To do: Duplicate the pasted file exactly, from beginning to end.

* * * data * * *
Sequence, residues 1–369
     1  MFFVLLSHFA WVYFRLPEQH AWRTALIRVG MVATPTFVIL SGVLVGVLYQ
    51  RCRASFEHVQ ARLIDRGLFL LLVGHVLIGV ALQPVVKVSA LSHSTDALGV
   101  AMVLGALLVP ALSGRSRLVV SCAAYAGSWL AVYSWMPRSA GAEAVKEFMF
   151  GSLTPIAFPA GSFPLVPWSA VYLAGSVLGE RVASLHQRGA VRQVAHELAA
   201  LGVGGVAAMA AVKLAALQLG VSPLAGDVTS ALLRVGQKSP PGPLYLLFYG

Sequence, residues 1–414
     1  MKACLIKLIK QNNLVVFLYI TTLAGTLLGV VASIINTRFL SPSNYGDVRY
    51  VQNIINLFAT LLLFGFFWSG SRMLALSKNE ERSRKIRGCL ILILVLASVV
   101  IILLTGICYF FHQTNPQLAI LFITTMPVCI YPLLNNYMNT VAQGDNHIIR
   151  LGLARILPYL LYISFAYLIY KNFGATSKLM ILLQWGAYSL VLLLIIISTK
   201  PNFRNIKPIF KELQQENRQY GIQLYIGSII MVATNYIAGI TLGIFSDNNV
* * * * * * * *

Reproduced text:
Sequence, residues 1–369
     1  MFFVLLSHFA WVYFRLPEQH AWRTALIRVG MVATPTFVIL SGVLVGVLYQ
    51  RCRASFEHVQ ARLIDRGLFL LLVGHVLIGV ALQPVVKVSA LSHSTDALGV
   101  AMVLGALLVP ALSGRSRLVV SCAAYAGSWL AVYSWMPRSA GAEAVKEFMF
   151  GSLTPIAFPA GSFPLVPWSA VYLAGSVLGE RVASLHQRGA VRQVAHELAA
   201  LGVGGVAAMA AVKLAALQLG VSPLAGDVTS ALLRVGQKSP PGPLYLLFYG

Sequence, residues 1–414
     1  MKACLIKLIK QNNLVVFLYI TTLAGTLLGV VASIINTRFL SPSNYGDVRY
    51  VQNIINLFAT LLLFGFFWSG SRMLALSKNE ERSRKIRGCL ILILVLASVV
   101  IILLTGICYF FHQTNPQLAI LFITTMPVCI YPLLNNYMNT VAQGDNHIIR
   151  LGLARILPYL LYISFAYLIY KNFGATSKLM ILLQWGAYSL VLLLIIISTK
   201  PNFRNIKPIF KELQQENRQY GIQLYIGSII MVATNYIAGI TLGIFSDNNV